Study: Nearly 1,000 earthquakes shook Arizona in recent years

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By Mike Gertzman By Mike Gertzman

TEMPE, Ariz. -- Arizona isn't known for its earthquakes, but researchers at Arizona State University said Tuesday nearly 1,000 earthquakes were recorded in the state over the past three years.

Scientists used new seismic data collected as part of the EarthScope project to develop methods to detect and locate small-magnitude earthquakes across the entire state of Arizona.

EarthScope's USArray Transportable Array was deployed within Arizona from April 2006 to March 2009. It was the first time researchers could examine earthquake activity on a statewide scale. The equipment found almost 1,000 earthquakes during the three-year period.

The results of the study were the direct result of improved amount and quality of earthquake data by EarthScope.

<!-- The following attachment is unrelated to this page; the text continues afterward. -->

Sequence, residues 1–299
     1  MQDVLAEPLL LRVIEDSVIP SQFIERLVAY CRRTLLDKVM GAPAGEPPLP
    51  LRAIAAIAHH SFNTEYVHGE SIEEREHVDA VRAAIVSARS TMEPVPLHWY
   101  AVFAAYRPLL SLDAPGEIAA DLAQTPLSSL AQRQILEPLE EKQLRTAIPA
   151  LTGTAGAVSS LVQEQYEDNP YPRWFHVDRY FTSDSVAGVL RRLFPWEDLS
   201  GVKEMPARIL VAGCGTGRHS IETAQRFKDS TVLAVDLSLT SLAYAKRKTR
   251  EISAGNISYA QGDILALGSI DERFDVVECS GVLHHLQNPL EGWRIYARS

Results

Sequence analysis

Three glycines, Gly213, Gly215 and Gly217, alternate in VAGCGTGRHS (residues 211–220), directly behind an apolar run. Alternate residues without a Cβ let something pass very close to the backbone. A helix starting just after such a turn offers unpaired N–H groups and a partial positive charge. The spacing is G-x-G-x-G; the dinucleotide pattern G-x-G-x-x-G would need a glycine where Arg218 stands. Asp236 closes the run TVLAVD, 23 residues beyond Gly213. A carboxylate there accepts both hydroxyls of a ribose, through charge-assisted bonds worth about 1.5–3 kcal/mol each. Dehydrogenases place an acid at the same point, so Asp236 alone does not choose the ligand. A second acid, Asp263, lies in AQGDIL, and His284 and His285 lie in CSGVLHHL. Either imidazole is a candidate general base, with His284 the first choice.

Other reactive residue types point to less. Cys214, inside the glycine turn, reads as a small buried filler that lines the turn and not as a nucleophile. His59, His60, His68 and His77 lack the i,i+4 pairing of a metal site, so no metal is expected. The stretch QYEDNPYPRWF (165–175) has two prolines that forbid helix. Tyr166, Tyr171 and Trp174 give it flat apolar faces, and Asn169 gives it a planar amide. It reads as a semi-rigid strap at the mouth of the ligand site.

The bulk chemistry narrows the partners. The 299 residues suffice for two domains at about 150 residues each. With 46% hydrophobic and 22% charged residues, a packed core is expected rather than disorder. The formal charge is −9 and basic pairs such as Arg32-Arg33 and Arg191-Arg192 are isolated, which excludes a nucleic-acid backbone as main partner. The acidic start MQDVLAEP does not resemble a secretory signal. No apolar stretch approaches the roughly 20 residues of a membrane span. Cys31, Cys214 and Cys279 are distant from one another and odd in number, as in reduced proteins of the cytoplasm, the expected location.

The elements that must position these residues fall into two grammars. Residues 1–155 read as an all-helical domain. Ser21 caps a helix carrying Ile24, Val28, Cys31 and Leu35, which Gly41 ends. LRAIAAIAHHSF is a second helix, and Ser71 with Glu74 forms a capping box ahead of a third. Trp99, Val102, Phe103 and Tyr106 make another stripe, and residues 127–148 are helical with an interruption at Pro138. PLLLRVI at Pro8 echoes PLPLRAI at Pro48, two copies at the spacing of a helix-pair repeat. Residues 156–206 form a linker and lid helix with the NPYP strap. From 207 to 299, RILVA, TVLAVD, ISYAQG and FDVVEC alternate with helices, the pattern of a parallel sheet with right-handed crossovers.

"It is significant that we found events in areas where none had been detected before, but not necessarily surprising given the fact that many parts of the state had never been sampled by seismometers prior to the deployment of the EarthScope USArray," said Jeffrey Lockridge, a graduate student in ASU's School of Earth and Space Exploration and the project's lead researcher.

While nearly 1,000 earthquakes seem alarmingly high, 91 percent of of the earthquakes Lockridge detected in Arizona were "microquakes."  Those earthquakes have magnitude of 2.0 or smaller and aren't usually felt by humans. Geologists use small magnitude earthquakes to map otherwise hidden faults beneath the surface.

The largest earthquakes and the majority of seismicity recorded in Arizona have been in the north-central part of the state.

Lockridge published the results of the project in this year's August issue of the Bulletin of the Seismological Society of America.